Brain Tissue Signals Increased Risk Of Inherited Depression
In cases of familial depression, changes in tissue thickness in key brain structures in the right half of the brain may increase a person's risk for developing depression, according to NIMH-funded researchers. Similar changes in the left half of the brain were linked to the severity of a person's existing depression or anxiety symptoms. Based on their findings, the researchers proposed a possible mechanism for how these brain changes affect depression risk in the Proceedings of the National Academy of Sciences.
Some types of depression run in families, and certain changes in brain structure and function have been observed in people with the disorder. However, until recently, scientists have been unclear on the exact relationship between these brain changes and depression.
Building on previous research with a three-generation study population, Myrna Weissman, Ph.D., and Bradley Peterson, M.D., both of Columbia University College of Physicians & Surgeons and New York State Psychiatric Institute, and colleagues used magnetic resonance imaging (MRI) to assess brain changes in 131 people, ages 6-54. Roughly half of these participants were considered at high risk for major depressive disorder (MDD), due to having at least one parent or grandparent in the study diagnosed with the illness. The other half, considered at low risk, had no family history of the illness.
Results of the Study
From pre-scanning interviews, the researchers found that people in the high-risk group were more likely than those in the low-risk group to report having MDD or an anxiety disorder at some point in their lives. MRI scans showed that, on average, those in the high-risk group had 28 percent thinner brain tissue across a broad range of brain structures in the right half of the brain. These changes were observed in young children in the high-risk group and in older high-risk individuals who had never suffered from MDD or an anxiety disorder themselves.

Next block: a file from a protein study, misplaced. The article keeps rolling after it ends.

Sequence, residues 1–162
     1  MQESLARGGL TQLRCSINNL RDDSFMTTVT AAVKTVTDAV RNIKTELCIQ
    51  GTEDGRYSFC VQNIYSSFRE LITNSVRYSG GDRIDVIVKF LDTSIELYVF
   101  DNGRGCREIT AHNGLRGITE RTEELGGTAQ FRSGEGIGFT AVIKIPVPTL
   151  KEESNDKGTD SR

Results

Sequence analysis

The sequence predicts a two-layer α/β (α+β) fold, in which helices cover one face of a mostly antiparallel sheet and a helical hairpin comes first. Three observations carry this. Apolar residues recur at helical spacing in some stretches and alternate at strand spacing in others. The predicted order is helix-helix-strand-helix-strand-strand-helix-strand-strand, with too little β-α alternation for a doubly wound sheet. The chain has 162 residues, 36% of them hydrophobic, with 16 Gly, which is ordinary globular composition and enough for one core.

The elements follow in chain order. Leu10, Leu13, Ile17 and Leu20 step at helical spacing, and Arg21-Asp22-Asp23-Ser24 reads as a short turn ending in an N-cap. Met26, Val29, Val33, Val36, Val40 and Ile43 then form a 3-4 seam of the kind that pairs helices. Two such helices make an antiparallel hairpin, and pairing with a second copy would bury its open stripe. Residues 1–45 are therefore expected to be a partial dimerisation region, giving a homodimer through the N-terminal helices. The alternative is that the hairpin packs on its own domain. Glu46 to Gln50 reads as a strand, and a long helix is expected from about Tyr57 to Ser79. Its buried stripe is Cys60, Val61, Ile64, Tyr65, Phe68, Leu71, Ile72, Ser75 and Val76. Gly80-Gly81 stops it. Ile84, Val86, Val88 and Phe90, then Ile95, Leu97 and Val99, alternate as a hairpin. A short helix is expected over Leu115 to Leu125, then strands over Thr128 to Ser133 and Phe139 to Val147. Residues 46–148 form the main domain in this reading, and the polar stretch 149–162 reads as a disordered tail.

The brain areas most affected by this thinning govern attention and the ability to process emotional or social cues (such as faces or family pictures). In tests involving these right-brain tasks, the researchers found that thinner tissue in these areas was linked to greater inattention and poorer performance in immediate and delayed visual memory.
Similar patterns of tissue thinning in the left half of the brain appeared to be related to the severity of a person's existing MDD or anxiety disorder symptoms in both the high- and low-risk groups. This thinning was not as pronounced as the thinning in the right half of the brain, and the difference in tissue thickness between the high- and low-risk groups was not statistically significant.
The findings strongly suggest that changes in tissue thickness in the right half of the brain directly affect a person's inherited risk for developing MDD. The pattern of tissue thinning appears to be related to problems with attention and processing of emotional or social signals. Such problems may increase a person's vulnerability to developing mood or anxiety disorders, according to the researchers.
That the thinning was present in people at high risk, but who had never had MDD or an anxiety disorder, as well as in high-risk children who had not been diagnosed with depression, shows that these brain changes likely come before illness onset and that they occur very early in life, possibly before birth, say the researchers. Furthermore, while thinning in the right half of the brain contributes to risk, thinning in the left half of the brain appears to be required in order for a person to show symptoms of these illnesses.
More research is needed to determine if the inherited risk for MDD is purely genetic, if there are specific environmental factors necessary for triggering genetic risk, or whether there is a combination of factors involved. Increased understanding of how risk translates into developing MDD or other mental disorders may lead to new methods of diagnosing, treating, or preventing these illnesses.